DYSON has decided to build its new electric cars in Singapore instead of in the UK, despite company boss James Dyson being a staunch Brexiteer.
Dyson will manufacture its electric cars in Singapore.
The firm had considered opening the new “advanced automotive manufacturing” in the UK but ultimately decided to open it in the Asian country instead.
Building of the facility is scheduled to be completed in 2020 and forms part of the company’s £2.5 billion global investors drive in the new technology.
Dyson is aiming to launch its first electric car in 2021. Specifications for the vehicle have yet to be divulged but will likely be shared over the coming years.
The decision to open the manufacturing plant in Singapore could be viewed as controversial as company’s chairman and founder, Sir James Dyson, is a Brexiteer.
Previously, the Dyson boss has been an outspoken proponent of Brexit, so the decision to move billions of pounds of investment to Singapore could be criticised.
The car industry in the UK is experiencing a small crisis ahead of Brexit.
Several car makers including Nissan, Ford and Toyota warning about the rising prospects of a “no-deal” EU exit, which would jeopardise their operations in the UK.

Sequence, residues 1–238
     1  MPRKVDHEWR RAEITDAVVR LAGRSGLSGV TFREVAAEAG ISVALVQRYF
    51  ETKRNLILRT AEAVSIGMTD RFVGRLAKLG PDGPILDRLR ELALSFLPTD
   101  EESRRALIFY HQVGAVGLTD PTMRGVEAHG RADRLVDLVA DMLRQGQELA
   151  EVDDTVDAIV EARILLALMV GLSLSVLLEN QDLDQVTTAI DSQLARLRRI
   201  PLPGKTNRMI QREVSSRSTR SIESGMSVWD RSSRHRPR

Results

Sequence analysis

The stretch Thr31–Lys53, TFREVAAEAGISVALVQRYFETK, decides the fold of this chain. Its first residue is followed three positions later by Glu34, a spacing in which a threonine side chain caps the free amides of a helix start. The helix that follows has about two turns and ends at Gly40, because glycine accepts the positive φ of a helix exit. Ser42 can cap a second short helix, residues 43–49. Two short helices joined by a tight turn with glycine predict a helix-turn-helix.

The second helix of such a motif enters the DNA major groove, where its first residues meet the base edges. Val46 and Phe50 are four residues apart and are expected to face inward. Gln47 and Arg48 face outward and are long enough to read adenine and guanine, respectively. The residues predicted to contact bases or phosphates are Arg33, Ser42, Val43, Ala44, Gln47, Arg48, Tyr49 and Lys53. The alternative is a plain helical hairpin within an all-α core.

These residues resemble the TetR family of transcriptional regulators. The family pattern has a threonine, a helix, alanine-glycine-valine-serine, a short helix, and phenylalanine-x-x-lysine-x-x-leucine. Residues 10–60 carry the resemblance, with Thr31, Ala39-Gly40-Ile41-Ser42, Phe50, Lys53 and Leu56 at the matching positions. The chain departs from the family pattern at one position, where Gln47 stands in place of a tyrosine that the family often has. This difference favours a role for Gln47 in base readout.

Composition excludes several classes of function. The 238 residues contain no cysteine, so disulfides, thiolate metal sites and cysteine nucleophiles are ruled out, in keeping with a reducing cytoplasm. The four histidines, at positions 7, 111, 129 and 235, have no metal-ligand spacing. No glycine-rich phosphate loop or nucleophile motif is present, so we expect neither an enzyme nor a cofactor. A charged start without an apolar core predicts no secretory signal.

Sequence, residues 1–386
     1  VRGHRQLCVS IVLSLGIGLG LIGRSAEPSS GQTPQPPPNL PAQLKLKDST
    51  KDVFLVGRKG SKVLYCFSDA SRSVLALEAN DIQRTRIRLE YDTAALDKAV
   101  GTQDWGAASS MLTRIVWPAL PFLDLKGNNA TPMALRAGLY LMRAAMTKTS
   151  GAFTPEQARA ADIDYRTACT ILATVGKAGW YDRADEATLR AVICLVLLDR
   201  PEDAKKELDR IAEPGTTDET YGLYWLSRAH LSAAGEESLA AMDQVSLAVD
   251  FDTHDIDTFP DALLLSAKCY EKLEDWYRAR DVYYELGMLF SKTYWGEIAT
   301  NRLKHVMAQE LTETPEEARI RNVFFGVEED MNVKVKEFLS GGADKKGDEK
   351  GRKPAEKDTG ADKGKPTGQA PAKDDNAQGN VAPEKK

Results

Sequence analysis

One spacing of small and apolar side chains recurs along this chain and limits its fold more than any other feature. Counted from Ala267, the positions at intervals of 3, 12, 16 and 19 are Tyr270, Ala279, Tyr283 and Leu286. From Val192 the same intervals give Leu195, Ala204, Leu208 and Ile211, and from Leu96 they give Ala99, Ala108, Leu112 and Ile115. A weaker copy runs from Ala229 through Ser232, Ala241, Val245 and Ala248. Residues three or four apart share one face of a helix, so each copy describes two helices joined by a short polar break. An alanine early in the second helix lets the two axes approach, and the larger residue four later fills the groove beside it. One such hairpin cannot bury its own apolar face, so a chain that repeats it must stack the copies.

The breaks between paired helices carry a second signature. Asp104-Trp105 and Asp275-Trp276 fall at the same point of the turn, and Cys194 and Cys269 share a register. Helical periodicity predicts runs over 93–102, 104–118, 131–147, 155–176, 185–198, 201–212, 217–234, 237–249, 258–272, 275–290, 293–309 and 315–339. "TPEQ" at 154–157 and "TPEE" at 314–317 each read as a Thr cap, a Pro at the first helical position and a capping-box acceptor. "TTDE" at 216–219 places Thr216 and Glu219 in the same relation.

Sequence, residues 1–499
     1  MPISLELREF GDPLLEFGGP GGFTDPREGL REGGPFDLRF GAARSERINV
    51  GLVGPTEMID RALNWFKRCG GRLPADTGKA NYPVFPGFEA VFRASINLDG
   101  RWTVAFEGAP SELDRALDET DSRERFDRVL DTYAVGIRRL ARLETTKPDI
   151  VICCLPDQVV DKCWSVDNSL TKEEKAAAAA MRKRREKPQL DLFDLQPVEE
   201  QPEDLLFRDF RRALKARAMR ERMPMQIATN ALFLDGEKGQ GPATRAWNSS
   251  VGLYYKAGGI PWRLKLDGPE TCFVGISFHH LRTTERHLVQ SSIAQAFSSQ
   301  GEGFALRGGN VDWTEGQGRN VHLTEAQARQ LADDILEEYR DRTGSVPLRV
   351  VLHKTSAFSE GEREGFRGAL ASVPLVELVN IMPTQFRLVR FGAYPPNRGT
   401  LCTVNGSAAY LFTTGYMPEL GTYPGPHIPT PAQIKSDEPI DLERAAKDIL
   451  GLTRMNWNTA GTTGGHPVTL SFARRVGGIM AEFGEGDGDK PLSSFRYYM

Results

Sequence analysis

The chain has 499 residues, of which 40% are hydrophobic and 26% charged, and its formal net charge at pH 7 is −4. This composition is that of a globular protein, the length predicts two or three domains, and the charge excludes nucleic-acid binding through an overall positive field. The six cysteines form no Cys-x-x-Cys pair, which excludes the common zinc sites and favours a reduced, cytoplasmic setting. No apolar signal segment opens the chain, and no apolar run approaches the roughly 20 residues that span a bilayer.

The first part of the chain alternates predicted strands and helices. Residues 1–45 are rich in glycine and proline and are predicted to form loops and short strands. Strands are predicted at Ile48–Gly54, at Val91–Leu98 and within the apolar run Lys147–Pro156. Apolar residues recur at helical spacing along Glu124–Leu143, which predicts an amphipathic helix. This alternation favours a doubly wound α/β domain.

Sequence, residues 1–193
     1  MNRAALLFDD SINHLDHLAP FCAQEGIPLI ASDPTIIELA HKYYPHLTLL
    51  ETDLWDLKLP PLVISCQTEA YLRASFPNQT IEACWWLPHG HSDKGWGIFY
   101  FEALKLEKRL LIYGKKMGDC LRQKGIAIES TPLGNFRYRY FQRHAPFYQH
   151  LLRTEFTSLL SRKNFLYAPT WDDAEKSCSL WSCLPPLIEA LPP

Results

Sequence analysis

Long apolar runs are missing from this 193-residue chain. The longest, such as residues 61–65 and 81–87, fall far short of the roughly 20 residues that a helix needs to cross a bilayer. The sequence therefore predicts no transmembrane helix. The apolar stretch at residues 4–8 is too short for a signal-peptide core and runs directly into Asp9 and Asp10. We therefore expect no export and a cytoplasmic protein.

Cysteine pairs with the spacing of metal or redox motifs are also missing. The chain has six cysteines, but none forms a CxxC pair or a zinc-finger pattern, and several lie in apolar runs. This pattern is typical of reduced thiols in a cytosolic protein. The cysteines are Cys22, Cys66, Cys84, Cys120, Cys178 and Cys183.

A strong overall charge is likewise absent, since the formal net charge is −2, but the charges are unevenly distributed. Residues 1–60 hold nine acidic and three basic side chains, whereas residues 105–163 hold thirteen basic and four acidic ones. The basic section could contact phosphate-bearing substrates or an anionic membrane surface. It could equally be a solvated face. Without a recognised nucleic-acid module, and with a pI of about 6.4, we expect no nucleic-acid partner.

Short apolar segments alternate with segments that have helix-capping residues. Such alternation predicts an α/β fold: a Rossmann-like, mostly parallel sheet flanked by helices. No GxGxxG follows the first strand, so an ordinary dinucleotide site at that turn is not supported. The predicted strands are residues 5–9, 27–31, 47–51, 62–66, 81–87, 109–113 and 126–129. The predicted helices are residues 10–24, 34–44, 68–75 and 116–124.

Dyson chief executive Jim Rowan said: “The decision of where to make our car is complex, based on supply chains, access to markets, and the availability of the expertise that will help us achieve our ambitions.
“Our existing footprint and team in Singapore, combined with the nation’s significant advanced manufacturing expertise, made it a frontrunner.
“Singapore also offers access to high-growth markets as well as an extensive supply chain and a highly skilled workforce.
“Singapore has a comparatively high cost base, but also great technology expertise and focus
“It is therefore the right place to make high-quality technology loaded machines, and the right place to make our electric vehicle.”
Despite moving production of the vehicles to Singapore, the firm stated that it is still committed to the UK.
It will be investing £200 million in new buildings and testing facilities at its campus at Hullavington Airfield.
Dyson employs more than 12,000 people across the world, with 4,800 working in the UK.
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